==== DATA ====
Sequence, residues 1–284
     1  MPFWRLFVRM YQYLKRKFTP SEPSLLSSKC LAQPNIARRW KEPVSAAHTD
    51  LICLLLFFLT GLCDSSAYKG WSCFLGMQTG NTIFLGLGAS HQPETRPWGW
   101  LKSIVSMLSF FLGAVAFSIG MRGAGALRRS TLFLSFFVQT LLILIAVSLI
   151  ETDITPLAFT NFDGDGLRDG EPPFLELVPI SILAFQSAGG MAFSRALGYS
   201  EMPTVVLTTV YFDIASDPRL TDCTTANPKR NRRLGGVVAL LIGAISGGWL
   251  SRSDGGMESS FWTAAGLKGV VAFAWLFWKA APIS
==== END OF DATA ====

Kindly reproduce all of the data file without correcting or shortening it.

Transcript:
Sequence, residues 1–284
     1  MPFWRLFVRM YQYLKRKFTP SEPSLLSSKC LAQPNIARRW KEPVSAAHTD
    51  LICLLLFFLT GLCDSSAYKG WSCFLGMQTG NTIFLGLGAS HQPETRPWGW
   101  LKSIVSMLSF FLGAVAFSIG MRGAGALRRS TLFLSFFVQT LLILIAVSLI
   151  ETDITPLAFT NFDGDGLRDG EPPFLELVPI SILAFQSAGG MAFSRALGYS
   201  EMPTVVLTTV YFDIASDPRL TDCTTANPKR NRRLGGVVAL LIGAISGGWL
   251  SRSDGGMESS FWTAAGLKGV VAFAWLFWKA APIS